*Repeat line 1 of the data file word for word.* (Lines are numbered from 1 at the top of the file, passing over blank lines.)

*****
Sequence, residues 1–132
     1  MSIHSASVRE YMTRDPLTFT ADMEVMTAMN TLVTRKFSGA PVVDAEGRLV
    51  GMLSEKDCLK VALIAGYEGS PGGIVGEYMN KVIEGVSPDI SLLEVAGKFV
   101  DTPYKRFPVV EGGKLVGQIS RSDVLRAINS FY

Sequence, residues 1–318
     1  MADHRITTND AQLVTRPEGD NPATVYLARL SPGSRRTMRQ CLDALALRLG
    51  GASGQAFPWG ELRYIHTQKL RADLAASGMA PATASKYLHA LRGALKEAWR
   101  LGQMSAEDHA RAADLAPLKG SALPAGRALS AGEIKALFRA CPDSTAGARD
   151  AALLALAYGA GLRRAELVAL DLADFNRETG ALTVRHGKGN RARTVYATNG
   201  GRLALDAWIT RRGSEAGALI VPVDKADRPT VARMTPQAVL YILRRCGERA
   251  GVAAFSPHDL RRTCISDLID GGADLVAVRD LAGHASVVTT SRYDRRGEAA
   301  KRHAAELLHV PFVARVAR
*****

Sequence, residues 1–132